Also with the new transfer/sit out a year rule players will be less likely to shoot for the major D1 and fall back/transfer to a lower level D1. They will give more thought to their original choice. And it will make JuCos a very popular option to give two years to develop before deciding where to play.

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                • #9
                  The quality of play in the PacNW JUCOs is extremely good. What TG Coach said is already taking place here and is only augmented by the fact that the JUCOs in the PacNW play with wood bats and are a favorite for scouts to watch.
                  Owner of Driveline Baseball - Seattle, WA

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                  • #10
                    A Division 1 JUCO is allowed 24 scholarships not 11.7.
                    A Division 2 JUCO also has 24 scholarships but they are not allowed pay pay room and board.

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                    • #11
                      Lots of good tips in this thread. I would say though you may not have power, if you can get on base a lot and truly fly, that's a very attractive package at any level. And has been pointed out in various ways, at the end of four years, it's all about the education. The number that make serious money playing pro is so small you should keep this in your mind as a rule.

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                      • #12
                        i agree with a lot of things here, especially that academics are important. good academics open you up to a lot of options that most kids simply don't have.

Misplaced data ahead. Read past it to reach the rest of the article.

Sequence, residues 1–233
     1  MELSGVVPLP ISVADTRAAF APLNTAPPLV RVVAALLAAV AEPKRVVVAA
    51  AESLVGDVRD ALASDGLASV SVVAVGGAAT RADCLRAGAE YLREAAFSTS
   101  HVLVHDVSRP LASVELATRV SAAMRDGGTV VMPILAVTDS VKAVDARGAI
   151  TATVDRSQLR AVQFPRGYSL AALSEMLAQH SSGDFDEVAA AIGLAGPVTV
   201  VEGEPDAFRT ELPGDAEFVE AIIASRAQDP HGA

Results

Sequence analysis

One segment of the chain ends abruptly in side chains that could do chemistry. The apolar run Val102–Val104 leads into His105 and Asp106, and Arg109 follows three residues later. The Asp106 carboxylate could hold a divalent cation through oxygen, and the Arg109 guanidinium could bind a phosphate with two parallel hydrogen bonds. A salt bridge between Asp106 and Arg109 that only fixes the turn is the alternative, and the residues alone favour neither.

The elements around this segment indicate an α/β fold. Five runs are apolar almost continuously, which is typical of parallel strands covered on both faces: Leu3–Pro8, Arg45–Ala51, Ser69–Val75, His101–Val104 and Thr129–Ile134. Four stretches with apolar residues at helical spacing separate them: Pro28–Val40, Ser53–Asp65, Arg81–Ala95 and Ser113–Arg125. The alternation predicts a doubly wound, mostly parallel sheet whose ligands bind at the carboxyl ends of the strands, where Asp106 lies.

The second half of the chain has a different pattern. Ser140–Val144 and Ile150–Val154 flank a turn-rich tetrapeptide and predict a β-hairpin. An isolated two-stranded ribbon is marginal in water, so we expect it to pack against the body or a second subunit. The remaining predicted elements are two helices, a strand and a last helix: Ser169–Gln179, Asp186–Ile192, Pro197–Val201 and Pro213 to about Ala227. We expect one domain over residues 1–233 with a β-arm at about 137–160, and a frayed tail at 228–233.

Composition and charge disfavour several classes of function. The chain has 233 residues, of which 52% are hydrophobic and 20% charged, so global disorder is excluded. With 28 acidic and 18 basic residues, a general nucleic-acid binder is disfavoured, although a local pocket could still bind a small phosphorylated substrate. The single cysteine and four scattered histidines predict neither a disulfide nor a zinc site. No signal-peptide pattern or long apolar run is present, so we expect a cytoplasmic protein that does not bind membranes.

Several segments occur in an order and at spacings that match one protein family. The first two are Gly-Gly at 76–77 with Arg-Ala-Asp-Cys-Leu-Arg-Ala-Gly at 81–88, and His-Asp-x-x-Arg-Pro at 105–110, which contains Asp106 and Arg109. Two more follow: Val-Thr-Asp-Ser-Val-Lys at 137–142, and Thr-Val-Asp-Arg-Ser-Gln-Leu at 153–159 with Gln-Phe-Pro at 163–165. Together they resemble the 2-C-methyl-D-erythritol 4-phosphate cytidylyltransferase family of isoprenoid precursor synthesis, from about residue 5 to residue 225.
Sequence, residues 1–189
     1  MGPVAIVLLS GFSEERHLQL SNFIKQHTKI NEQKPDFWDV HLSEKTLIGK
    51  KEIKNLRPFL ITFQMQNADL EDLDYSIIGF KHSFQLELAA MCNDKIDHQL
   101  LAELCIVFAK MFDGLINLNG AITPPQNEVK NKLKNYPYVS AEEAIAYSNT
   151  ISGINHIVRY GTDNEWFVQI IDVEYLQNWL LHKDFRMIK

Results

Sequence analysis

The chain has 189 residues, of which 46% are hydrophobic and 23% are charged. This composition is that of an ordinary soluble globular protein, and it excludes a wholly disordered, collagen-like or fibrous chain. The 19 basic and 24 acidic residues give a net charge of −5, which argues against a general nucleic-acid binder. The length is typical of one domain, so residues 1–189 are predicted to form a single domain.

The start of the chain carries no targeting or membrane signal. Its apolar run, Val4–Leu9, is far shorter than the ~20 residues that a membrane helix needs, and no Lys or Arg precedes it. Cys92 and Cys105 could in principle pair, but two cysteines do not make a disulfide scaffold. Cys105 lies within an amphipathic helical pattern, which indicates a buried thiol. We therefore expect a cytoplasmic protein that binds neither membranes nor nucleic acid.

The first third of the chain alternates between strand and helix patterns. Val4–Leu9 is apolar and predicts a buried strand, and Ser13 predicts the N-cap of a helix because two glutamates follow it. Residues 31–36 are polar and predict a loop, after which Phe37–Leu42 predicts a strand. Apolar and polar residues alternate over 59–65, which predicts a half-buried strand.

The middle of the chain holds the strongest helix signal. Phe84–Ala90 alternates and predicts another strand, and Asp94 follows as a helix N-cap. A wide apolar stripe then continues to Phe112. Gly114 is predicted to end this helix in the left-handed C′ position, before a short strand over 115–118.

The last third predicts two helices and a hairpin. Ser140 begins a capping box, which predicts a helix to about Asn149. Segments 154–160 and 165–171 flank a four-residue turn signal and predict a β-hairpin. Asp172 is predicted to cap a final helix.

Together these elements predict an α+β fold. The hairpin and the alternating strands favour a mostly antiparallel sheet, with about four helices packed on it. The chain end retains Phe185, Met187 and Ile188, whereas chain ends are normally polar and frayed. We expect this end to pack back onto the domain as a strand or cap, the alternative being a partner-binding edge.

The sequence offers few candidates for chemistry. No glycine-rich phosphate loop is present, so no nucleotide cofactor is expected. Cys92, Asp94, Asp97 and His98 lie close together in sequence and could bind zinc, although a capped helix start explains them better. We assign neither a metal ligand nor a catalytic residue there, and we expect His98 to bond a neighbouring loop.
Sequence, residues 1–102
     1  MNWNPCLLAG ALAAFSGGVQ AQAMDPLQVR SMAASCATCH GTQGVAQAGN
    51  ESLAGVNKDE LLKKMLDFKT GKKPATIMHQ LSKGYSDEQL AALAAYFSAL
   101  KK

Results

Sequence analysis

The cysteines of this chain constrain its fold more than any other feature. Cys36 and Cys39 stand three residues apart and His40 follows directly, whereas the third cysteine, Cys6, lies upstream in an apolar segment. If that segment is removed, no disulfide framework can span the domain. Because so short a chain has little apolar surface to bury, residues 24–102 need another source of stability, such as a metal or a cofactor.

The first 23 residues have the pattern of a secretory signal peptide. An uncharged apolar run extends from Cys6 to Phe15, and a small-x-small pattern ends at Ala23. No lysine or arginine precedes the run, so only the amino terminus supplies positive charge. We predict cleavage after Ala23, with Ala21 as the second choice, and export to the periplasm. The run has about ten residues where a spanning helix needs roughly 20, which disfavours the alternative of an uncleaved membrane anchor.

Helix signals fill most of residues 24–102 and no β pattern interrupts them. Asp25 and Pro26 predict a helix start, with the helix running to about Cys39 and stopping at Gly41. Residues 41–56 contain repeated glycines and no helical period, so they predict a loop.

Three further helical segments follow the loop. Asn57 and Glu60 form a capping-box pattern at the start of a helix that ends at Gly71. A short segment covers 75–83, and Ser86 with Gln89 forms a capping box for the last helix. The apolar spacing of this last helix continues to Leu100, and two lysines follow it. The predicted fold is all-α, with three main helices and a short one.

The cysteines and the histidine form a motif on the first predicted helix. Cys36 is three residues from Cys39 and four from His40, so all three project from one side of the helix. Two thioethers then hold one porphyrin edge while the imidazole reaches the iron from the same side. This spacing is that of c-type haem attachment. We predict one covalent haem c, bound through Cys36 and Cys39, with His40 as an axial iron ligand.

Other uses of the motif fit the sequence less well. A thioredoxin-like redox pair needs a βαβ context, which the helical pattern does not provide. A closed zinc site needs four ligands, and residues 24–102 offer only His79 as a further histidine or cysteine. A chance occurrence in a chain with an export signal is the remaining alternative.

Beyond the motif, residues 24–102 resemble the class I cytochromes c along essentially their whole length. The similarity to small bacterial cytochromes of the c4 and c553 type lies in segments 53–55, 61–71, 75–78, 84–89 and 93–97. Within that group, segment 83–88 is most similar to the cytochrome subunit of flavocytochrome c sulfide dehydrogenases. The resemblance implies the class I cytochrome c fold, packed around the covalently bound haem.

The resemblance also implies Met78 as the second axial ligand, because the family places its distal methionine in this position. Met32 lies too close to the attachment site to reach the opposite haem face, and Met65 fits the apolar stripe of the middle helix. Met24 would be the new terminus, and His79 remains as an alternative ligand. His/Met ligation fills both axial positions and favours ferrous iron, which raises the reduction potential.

also, if you want to play in college and have ANY talent, there is a school out there, you just have to find it. one kid on my high school team never started varsity in his life, but got into and plays at a D3 school is Massachusets. you seem to be talented so you can shoot much higher, but rest assured, if you want to play. you will definitely find somewhere to do so.

                        personally, i didn't get a single look from any schools until the end of summer, before senior year. i didn't go to any showcases or camps (which i think you should, because your speed is a tremendous showcase talent) and basically, got noticed when my summer team made districts and states and the rest is history. so there is nothing to worry about if you don't have lots going on as a sophomore.

                        but again, with a asset like speed, that is something that stands out at showcases and can really get you noticed. you can grow into power, but normally not speed.

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                        • #13
                          Email coaches and show interest in their program. You can even send videos of yourself so they can see and come out if they have interest. Also go to showcases if you can afford them they are a good way to show alot of coaches at once.
                          “If there was ever a man born to be a hitter it was me.” - Ted Williams
                          "Didn't come up here to read. Came up here to hit." - Hank Aaron